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Headvoice-chestvoice, Falsetto and the passage
di Laura Pigozzi

Headvoice is a subtle timbre emission obtained using only vibrations of the skull.
Chestvoice utilises, on the contrary, vibration of the torax.
We can understand this better if we imagine our body like a violin or a cello: the lateral narrowing typical of the two instruments, is similar to the human neck that has the same function of separating the two voices.
But you must pay attention, things are not so simple because in chestvoice there is a component of headvoice and viceversa. Headvoice interferes more with chestvoice than the contrary.
Exercises done to improuve chestvoice have beneficial effect on headvoice. Viceversa, bettering your headvoice will produce a more brilliant chestvoice.
The two voices are obviously interrelated. It is not possible to have only one of the two with good results. If you are certain of having, for exemple, good low tones but few high tones, you can be sure that your low tones are not really good.

Falsetto and the passage
Falsetto is the timbric structure, concerning the larynx, that prepares the passage from chestvoice to headvoices.
It is important to work on this passage because the voice has to reach one and only one colour for the both registers. It is extremely important to reach the same quality of sound. In this case also, is it necessary that an experienced person teaches you how to do it. For this delicate phase there are no 'do it yourself' exercises. There are many singers that have two voices or even three! It means that they did not work properly on this passage.

Falsetto is in fact an intermediate welding between the acute headregister, and the low register coming from the chest. Falsetto is a kind of protection utilized by the larynx, in order to move from one register to the other without damage.It is a device to limit the damages provoqued when the voice is forced into the acute register. Making use of a metaphor invented by Tomatis, we can say that the passage from one register to the other is similar to the change of gear in a car.

Falsetto corresponds therefore to the clutch that through 'disengagement' allows to pass from one position to the other softly. This happens if the larynx is relaxed. Therefore falsetto is a release that allows to reach headvoice. Falsetto is a defence for the larynx.

We must add that often we can find falsetto defined as sustained headvoice. in reality this was definited as accomodated falsetto since 1826.
In order to utilize fully falsetto and make it work, it is necessary to remember its function of clutch.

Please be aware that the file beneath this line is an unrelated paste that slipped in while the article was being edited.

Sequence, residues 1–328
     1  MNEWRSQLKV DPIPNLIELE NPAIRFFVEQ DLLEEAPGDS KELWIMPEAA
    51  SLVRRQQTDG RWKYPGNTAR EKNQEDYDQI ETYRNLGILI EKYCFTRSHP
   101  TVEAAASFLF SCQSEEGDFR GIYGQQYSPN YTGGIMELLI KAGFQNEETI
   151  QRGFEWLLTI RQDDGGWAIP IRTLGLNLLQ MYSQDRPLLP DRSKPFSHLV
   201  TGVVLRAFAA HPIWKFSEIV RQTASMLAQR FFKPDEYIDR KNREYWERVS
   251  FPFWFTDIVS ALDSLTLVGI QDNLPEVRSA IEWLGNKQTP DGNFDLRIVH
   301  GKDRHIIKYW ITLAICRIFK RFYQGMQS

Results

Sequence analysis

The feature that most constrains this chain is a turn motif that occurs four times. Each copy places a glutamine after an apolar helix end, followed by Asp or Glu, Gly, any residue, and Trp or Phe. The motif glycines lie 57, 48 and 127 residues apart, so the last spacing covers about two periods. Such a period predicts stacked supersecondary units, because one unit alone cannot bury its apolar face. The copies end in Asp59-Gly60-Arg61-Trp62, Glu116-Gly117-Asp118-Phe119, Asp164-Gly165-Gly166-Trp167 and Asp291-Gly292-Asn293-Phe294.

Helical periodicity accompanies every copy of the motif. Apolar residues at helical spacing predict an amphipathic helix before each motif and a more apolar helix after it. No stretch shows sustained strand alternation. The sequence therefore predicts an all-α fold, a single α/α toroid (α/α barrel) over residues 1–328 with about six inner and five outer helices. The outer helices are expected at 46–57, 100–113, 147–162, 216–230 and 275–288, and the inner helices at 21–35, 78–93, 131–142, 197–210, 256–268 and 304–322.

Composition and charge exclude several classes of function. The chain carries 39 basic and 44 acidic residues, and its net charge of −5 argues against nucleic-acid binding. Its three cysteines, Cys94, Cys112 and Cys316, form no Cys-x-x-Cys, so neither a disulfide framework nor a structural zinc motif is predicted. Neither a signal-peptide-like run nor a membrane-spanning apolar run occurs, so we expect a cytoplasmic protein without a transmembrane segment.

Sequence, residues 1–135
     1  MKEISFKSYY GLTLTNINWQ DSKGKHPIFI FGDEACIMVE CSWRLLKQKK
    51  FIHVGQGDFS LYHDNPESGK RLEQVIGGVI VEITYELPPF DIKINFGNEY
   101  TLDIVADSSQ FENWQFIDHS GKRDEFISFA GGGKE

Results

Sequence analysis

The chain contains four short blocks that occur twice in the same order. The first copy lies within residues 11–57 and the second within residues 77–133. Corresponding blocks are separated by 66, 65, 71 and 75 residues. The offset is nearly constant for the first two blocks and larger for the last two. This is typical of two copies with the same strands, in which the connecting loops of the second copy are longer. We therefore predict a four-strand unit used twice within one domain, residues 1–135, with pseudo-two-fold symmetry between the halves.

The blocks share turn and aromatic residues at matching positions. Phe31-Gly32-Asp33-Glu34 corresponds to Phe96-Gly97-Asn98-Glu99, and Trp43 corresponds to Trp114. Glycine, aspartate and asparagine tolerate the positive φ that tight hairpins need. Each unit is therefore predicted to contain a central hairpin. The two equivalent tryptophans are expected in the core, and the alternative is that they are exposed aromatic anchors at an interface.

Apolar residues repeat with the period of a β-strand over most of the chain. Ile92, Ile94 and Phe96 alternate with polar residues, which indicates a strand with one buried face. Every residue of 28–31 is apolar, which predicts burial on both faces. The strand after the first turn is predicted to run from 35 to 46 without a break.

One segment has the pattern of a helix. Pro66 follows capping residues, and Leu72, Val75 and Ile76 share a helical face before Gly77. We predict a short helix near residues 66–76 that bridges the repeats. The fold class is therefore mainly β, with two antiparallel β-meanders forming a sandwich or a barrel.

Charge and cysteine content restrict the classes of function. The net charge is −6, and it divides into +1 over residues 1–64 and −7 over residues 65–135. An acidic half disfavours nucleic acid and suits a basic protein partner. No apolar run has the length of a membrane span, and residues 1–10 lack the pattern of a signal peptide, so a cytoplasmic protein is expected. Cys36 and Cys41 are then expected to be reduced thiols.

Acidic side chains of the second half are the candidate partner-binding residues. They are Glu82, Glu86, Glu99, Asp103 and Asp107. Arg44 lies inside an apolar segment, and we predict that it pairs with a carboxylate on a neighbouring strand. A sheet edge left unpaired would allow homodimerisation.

Wheather or not it is possible to work on falsetto and on the passage, shows how badly the voice has been utilized and also how much damage has been done to it. If that is the case, the work af adjusting falsetto is pratically impossible.
The art of singing means also art of erasing the passages. Working on the passages means in fact wishing to make them dissappear.

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Inserited on 14/3/2004 at 12.25.30 by "mishven"
I agree totally with this theory. I have recently learned a new singing technique which reccognizes the voice as an instrument. In order to achieve different pitches, one must use differnt parts of the chest face and skull for resonance. The crucial point of singing a scale is the transition note, going from chest to head, this is what you describe as the falsetto. Practice of this technique can iron out any problems during the transition, making the scale sound seamless, from low chest notes to the highest head notes.
Inserited on 23/3/2004 at 13.45.01 by "laura.pigozzi"
reponse to mishven_NOSPAM_@hotmail.com
Dear friend,
your mail has touched the key-point of the singing technique. Actually all of one’s effort should make the scale sound seamless, as you rightly pointed out. By achieving this, everyone will get “a single voice” from the lowest notes up to the highest, thus eliminating the “step” between chest and head voices. As this is a difficult result to achieve, I had to create some specific exercises aiming at solving this problem, and I agree with you about the importance of resonance points which are wery “busy” during this kind of job.
Thank you so much for your kind mail and remarks.
Kindest regards.
Laura Pigozzi
Inserited on 27/6/2007 at 22.37.04 by "arts"
Hi ... I've been reading singing articles a great deal in the last month, and this is the first one that spoke about the importance of "tone" or that there be "only one color for both of the registers." That has been my goal for years (though, pardon me, I am self taught). Thousands of people can hit a note, but what is the TONE at that note! Your transition point is another great principle. You should write more articles on this subject, coming at it from different points.
Inserited on 28/6/2007 at 16.54.17 by "laura.pigozzi"
Hello "arts"
Thank you for your kind comment. I agree with you abour the importance of transition point that it is the key in order to have the very same voice with all of the registers. Thanks again
Laura Pigozzi

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Last Modified Date: 12/11/2003

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